This fundraiser is open to the public and offers a rare opportunity to visit inside the house, which is usually only open to members once a year. The tickets are $250 ($200 for members) and 100 percent of the ticket sale will go to support essential work on the house structure.
One of the exciting things about ICFF is seeing people’s reaction to new designs. When they arrive at the Herman Miller booth I love watching them sit in the chairs, stroke the mesh, squeeze the leather and generally relax. Wandering around the show is exhausting so it feels to good to offer people a bit of relief when they reach us.
What was interesting this year is we were actually going back to an original design with the re-issued Eames Aluminum Group chairs – of course, with some significant updates (technology lets us do cool things with mesh). The iconic chairs, that are so well known to Lifework readers, actually originated as outdoor furniture designed for the Miller House in Columbus, Indiana. Ha! I can hear the penny drop. So that’s why we designed the booth with the Miller House in mind. It all makes sense now. You get to see the new/old design in their natural setting – an iconic modern home with a seamless flow between indoors and out. You can read more detail about the booth and chairs here. But I thought you’d like to get a glimpse of them asap.
Today is the last day to go into the draw for the Eames plywood splint. I was at the Eames Office recently and couldn’t resist snapping their display of splints. These light weight plywood pieces were the Eames’ response to the heavy stiff metal splints that were used during WWII. About 150,000 of the Eames product were produced. When the war ended the Charles and Ray took the work they’d done with the splint and molding plywood and used it in their furniture designs.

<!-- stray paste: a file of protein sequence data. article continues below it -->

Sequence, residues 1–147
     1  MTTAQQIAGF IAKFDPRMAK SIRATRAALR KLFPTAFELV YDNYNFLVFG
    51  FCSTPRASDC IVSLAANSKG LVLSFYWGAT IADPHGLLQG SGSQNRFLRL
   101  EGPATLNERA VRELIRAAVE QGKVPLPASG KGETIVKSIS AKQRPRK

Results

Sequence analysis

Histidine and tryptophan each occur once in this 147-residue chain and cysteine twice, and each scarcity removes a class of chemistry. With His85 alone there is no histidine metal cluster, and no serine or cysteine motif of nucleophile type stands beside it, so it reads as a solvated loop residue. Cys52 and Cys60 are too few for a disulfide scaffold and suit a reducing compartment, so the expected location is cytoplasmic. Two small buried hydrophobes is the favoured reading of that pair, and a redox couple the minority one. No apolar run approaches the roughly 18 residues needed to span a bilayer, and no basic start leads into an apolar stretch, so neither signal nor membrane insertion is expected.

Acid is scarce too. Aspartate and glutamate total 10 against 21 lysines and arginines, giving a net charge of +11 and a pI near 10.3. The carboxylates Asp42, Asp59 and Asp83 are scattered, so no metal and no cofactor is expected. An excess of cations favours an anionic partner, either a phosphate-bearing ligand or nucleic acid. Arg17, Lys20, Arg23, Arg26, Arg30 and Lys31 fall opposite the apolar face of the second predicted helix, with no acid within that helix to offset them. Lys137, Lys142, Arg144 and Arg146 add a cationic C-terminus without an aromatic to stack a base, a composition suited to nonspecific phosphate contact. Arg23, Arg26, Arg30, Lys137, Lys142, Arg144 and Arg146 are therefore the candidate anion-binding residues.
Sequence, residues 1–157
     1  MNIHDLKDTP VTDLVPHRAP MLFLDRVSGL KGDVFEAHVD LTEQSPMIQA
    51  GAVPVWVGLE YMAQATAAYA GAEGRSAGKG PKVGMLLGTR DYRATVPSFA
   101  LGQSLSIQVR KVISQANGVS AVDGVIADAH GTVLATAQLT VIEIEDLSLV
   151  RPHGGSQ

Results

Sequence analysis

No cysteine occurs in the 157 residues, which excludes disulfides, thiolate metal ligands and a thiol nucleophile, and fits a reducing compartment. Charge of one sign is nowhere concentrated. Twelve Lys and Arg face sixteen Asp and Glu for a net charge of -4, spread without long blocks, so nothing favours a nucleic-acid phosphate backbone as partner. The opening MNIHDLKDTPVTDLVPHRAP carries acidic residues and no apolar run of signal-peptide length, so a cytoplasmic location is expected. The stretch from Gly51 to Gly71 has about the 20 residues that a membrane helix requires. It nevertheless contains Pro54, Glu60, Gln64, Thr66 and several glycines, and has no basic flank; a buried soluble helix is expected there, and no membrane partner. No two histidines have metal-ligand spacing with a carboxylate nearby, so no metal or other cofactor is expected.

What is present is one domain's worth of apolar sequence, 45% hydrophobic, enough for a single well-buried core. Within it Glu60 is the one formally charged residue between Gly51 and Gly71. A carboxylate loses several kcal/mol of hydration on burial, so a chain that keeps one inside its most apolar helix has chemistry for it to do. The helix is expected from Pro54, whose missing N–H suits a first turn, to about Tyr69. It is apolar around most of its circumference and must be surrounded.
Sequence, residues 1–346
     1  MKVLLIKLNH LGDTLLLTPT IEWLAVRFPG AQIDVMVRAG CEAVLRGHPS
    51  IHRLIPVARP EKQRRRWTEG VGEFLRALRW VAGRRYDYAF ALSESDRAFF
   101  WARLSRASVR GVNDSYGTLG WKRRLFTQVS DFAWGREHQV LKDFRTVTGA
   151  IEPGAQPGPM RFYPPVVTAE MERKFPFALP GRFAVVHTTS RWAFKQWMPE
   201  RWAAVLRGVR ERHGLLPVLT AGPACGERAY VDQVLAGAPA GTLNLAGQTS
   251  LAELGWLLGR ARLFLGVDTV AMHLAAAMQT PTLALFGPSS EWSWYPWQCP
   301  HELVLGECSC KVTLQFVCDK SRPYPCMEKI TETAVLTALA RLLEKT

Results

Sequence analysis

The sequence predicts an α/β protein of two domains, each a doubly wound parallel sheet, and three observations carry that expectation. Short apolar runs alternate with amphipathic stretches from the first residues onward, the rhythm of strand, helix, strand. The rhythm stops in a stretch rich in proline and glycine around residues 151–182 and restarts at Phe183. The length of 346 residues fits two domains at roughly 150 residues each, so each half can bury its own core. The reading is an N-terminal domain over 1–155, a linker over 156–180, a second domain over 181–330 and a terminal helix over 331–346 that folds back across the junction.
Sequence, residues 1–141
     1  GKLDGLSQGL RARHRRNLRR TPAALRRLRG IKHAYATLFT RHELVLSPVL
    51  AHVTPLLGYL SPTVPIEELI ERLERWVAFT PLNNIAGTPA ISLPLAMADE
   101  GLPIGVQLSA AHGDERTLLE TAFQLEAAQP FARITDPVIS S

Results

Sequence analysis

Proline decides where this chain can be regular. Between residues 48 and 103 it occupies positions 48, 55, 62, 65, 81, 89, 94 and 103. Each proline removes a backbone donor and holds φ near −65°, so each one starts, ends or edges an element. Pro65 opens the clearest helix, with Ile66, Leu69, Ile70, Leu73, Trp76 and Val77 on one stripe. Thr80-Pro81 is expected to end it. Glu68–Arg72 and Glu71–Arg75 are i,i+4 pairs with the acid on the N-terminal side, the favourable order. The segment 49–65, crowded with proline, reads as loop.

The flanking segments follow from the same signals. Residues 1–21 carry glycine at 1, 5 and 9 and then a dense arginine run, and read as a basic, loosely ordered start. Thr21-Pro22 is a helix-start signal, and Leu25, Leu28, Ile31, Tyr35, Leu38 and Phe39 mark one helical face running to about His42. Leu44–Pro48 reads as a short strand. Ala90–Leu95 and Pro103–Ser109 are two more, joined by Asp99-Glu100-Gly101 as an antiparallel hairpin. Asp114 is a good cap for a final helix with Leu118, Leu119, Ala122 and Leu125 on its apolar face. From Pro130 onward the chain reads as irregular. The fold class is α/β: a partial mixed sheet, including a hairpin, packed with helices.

Below is a splint proudly displayed on the living room wall of freelance writer Bill Robinson. You can read the full story on his favorite wedding present here.
Our Design For You contest continues. Here’s a peek at the work desks of Charles and Ray Eames – the designers behind our next prize, the Hang-It-All. Ray Eames designed a variety of toys and furniture pieces specifically for children, including this wall-hung coat rack in 1953 for Tigrett Enterprises Playhouse Division. It was reissued by Herman Miller in 1994.
Enter to win a Hang-It-All by going to the Design For You contest page.
Below is Charles Eames’ desk. The last image is Ray’s desk. I love the chaos of both workspaces – Ray more so than Charles!
For some people procrastination comes in the form of cleaning or tidying (see Cameron Moll’s interview for example). I wish I was that sort of a person. For me it’s all about window shopping. I find myself surfing the net looking at ‘stuff’. I can justify it as part of my job…sometimes! One of the things I’ve been shopping for lately is art. I’m fascinated by all the amazing work you can find online. So I was thrilled to get this tip from Marcia, the Discover editor. A friend of hers sent us a link to UK-based Cut Out Paper. Of course, we were drawn to the ‘Chairs‘ piece above (recognize any of those designs?) But I also really like the ‘Beetles‘ below.